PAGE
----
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The West Wing

'West Wing' Writers Are Looking Like Prophets

From the "Star-Ledger"; New Hampshire Primary Day (Tuesday, January 08, 2008) by John Weingart

The television show "The West Wing" was criticized by some for painting an unrealistically positive portrait of life within the White House. A smart, talented, well-informed president surrounded by a similarly qualified staff grapple with complex issues and do a pretty good job of arriving at policies and strategies in the best interests of the country.

Others thought the show captured government at its best even if it romanticized how often those admirable moments occur. But the final year of "The West Wing," centered around the campaign to succeed President Jed Bartlett (Martin Sheen), did seem just an entertaining fairy tale, valuable perhaps for showing how far modern politics has strayed from some ideal but not a useful frame of reference for anything likely to happen.

Yet if the latest polls in New Hampshire showing Sens. John McCain and Barack Obama in the lead are confirmed today and those choices are endorsed by voters in the primaries and caucuses to follow, "The West Wing" writers are going to seem like modern-day Nostradamuses.

The television campaign began during the program's penultimate year in 2005 and concluded with its final episode in May 2006. On the show, a tall, lanky, charismatic, Hispanic congressman with no national experience unexpectedly overcomes much better-known and more experienced opponents to win the Democratic nomination.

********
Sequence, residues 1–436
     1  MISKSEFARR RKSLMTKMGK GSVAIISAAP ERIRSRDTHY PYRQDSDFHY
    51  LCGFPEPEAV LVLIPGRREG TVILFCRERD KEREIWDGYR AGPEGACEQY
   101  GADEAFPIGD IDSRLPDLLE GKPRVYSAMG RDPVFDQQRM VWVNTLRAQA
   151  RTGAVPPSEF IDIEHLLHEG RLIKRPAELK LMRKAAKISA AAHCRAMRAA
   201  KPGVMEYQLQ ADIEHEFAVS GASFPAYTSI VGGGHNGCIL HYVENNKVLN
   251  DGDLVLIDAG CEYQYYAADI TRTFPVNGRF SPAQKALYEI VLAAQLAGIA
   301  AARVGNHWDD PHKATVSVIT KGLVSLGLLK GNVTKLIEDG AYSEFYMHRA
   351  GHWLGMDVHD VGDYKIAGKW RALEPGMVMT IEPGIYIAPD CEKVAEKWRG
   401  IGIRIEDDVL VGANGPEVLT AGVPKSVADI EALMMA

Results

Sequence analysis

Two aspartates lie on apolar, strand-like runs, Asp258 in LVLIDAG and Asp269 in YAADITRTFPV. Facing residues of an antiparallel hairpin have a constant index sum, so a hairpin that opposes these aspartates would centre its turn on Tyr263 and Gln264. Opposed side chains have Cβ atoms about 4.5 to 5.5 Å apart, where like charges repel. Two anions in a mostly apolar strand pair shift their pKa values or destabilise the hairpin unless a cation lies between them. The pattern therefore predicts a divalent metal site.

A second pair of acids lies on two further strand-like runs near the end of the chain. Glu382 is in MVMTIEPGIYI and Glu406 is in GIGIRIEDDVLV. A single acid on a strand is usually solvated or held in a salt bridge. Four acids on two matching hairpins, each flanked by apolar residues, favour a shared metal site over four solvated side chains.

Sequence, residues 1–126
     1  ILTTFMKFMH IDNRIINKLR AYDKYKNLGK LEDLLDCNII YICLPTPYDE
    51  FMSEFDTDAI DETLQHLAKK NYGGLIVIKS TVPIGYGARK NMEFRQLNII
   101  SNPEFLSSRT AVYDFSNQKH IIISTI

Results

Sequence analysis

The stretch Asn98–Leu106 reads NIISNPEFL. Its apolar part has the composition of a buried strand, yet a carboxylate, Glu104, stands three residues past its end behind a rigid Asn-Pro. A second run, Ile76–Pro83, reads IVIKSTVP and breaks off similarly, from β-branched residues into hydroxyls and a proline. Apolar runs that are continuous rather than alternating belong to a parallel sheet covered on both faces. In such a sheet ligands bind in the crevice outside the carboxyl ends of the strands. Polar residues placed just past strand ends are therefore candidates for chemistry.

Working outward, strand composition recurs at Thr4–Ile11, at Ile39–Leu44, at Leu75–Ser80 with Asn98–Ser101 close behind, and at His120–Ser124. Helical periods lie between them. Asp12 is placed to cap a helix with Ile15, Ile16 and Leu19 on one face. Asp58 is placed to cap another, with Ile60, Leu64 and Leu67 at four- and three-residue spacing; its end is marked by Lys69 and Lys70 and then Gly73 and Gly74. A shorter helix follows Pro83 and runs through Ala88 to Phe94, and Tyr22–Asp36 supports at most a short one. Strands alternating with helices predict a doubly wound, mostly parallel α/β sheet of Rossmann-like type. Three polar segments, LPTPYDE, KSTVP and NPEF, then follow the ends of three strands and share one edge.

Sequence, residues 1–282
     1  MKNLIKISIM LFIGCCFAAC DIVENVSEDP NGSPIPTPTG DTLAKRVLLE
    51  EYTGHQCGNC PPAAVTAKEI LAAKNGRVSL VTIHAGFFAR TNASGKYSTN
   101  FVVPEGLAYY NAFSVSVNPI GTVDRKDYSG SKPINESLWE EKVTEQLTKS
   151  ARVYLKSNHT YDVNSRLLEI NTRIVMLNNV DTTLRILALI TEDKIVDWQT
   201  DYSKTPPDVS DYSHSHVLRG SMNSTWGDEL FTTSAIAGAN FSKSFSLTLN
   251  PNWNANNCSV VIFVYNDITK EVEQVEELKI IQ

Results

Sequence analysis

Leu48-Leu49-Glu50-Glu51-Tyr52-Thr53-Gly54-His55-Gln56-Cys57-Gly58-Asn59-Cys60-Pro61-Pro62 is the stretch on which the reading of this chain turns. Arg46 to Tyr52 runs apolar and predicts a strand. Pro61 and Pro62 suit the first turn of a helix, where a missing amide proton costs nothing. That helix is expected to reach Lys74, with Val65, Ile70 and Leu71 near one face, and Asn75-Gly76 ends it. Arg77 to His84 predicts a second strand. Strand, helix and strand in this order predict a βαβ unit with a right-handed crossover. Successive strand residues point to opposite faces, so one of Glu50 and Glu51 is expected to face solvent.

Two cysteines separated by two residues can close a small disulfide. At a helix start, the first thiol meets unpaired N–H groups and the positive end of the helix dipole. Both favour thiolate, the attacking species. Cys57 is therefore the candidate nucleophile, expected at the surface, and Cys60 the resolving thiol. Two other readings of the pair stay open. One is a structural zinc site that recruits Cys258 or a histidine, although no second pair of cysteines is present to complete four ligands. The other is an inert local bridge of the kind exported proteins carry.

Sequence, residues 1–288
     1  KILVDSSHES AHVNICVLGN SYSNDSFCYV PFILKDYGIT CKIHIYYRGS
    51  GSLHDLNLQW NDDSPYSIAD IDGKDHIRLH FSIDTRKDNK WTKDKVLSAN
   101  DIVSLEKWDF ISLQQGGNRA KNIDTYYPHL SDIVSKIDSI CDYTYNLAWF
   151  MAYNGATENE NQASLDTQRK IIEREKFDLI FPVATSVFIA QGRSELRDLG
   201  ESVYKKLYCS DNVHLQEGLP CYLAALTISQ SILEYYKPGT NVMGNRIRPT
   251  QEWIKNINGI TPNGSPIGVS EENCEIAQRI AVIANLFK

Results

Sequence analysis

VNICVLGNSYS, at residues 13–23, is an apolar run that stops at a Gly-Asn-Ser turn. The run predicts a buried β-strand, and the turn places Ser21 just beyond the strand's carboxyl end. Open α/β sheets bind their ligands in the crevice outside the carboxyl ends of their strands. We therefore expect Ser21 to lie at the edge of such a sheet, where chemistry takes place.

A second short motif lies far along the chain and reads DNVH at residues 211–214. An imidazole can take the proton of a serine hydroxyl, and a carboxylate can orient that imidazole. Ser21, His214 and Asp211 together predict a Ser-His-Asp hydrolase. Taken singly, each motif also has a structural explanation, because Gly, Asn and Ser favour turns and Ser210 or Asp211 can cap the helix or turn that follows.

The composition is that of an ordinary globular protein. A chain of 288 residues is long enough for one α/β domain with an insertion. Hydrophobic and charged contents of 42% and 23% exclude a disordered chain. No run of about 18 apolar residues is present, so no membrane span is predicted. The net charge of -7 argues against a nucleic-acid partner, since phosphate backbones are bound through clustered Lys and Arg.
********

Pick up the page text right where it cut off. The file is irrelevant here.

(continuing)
The Republicans select a significantly older senator who is considered a maverick with wide national appeal though he is distrusted by many within his party's base.

The candidates, Matt Santos and Arnold Vinick, are played by Jimmy Smits and Alan Alda. The physical resemblance between Smits and Obama is stronger than that of Alda and McCain, but the political profiles of both characters are strikingly similar to those of the apparent front-runners in New Hampshire. Once nominated, the two candidates agree to run a civil, issue-oriented campaign and then, amazingly enough, that is what they do. They even confer during the fall when they fear their advisers may be tamping down their best instincts.

How does the campaign end? Well, it is very close. By all accounts, the writers had a change of heart and altered the planned outcome after the sudden death of John Spencer, the actor playing the part of Matt Santos' running mate, Leo McGarry. In the end, viewers experience Santos winning by a narrow margin, but the real surprise comes when the president-elect then asks his opponent to serve as secretary of state. After some hesitation, he agrees.

Of course, that was all just a television fantasy. With the screen writers still out on strike, who could even imagine such a plot in real life?

John Weingart is associate director of the Eagleton Institute of Politics at Rutgers University. This essay also appeared on
November 30, 2008